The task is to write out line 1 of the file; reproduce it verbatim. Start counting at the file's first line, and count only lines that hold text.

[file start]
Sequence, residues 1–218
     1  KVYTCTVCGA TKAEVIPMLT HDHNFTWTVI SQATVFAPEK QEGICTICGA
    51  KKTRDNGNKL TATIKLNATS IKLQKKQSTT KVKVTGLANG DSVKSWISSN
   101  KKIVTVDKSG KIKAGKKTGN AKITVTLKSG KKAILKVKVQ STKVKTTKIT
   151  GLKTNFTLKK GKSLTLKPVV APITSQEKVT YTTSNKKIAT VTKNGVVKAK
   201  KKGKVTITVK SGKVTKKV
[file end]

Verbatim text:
Sequence, residues 1–218